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45. Kinship

Rainbow yarn

What does it mean to be related?

For many years, sociologists were more interested in studying households, marriage and ‘the family’ than kinship.  Despite some important ‘community’ studies that looked at informal and kinship ties in the 1950s,1960s and early 1970s, for the most part ‘kinship’ was seen as the domain of anthropologists documenting kinship systems.  However, in the 1970s, sociologists including Graham Allan (A Sociology of Friendship and Kinship, 1979), and Manchester’s David Morgan (Social Theory and the Family, 1975) began arguing for the sociological significance of kinship.

Slowly but surely, sociologists started to become interested in kinship – and now it is a vibrant research field, with studies questioning what it means to be related, how we experience relationships with those we think of as kin, and how kinship and relatedness are changing. Manchester sociologists, notably in the Morgan Centre, have played a leading role in theoretical and empirical developments from the late 1980s onwards: a period which has seen kinship transform from an unfashionable branch of sociology to a key lens on contemporary society and social change.

Janet  Finch and Jennifer Mason’s Negotiating Family Responsibilities (1993) and Passing On (2000) established and elaborated a new and highly influential mode of theorising kinship as negotiated commitments.  Jeffrey Weeks, Brian Heaphy and Catherine Donovan’s Same Sex Intimacies was a major milestone in understanding how kinship is created and negotiated in same sex relationships.  Taken together, these studies ‘troubled’ existing assumptions about kinship as entirely governed by rules or kinship position, or as a system of social relationships flowing more or less straightforwardly from biological or procreative ‘facts’.  Instead, they explored the ways that kinship is dynamic, changing and negotiated, albeit not without constraints.  Jennifer Mason (2008) goes on to conceptualise kinship as four dimensions of ‘tangible affinity’ – fixed, negotiated, sensory and ethereal.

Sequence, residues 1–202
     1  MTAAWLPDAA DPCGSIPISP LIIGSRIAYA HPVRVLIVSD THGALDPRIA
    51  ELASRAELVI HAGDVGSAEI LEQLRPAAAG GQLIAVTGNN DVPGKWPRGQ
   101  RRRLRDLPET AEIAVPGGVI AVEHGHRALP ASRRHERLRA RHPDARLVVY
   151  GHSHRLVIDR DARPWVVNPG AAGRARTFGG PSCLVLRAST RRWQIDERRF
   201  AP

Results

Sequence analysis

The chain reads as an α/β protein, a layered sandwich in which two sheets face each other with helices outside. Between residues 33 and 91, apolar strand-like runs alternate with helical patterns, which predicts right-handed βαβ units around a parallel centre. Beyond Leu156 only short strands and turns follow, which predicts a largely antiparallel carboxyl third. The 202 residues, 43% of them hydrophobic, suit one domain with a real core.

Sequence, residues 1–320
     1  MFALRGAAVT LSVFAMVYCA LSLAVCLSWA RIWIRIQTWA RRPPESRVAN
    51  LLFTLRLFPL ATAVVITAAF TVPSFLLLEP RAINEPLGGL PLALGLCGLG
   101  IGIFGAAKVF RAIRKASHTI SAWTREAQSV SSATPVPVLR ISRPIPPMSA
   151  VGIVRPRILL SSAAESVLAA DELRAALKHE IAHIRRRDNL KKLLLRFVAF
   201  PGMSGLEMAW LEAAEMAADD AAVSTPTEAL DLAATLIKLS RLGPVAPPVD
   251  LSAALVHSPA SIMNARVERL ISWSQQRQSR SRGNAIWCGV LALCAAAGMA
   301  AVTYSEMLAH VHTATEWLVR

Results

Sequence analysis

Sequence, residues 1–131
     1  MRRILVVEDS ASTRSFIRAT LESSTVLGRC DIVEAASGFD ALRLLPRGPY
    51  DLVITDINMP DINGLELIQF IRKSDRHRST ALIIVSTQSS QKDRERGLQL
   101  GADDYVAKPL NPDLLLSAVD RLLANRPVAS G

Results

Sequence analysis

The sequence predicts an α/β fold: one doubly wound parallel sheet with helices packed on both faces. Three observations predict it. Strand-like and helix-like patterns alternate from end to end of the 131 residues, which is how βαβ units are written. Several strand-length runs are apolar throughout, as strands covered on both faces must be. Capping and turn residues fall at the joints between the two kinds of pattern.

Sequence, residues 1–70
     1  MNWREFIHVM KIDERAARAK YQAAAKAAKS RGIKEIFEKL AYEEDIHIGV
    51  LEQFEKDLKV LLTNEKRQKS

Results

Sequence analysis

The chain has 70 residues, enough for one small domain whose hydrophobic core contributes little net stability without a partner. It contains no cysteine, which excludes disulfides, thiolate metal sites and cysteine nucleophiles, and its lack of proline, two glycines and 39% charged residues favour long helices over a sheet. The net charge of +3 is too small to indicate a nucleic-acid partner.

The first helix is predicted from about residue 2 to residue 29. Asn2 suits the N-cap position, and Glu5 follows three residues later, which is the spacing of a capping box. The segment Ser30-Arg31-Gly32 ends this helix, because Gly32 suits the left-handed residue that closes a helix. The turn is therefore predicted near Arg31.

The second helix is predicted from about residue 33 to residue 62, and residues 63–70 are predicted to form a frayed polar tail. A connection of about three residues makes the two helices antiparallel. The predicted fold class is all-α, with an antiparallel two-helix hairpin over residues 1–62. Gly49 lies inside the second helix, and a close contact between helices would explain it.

Concomitant with these important developments in sociology, anthropologists too have become interested in how kinship is a creative accomplishment, especially in the context of adoption and ‘new’ or ‘assisted reproductive technologies’ (ARTs) (eg Janet Carsten’s After Kinship).  Sometimes referred to as ‘the new kinship’, a field has emerged that draws on the energies of sociologists, anthropologists, and socio-legal scholars, to explore how kinship is transforming in the face of challenges that ART processes pose to the previously assumed bio-genetic ‘facts’ of procreation and relatedness.  An important new study in this field, which has inspired much debate and has informed the Nuffield Council on Bioethics report on Ethical Aspects of Information Sharing in Donor Conception, is Petra Nordqvist and Carol Smart’s Relative Strangers: Family Life, Genes and Donor Conception (2014).


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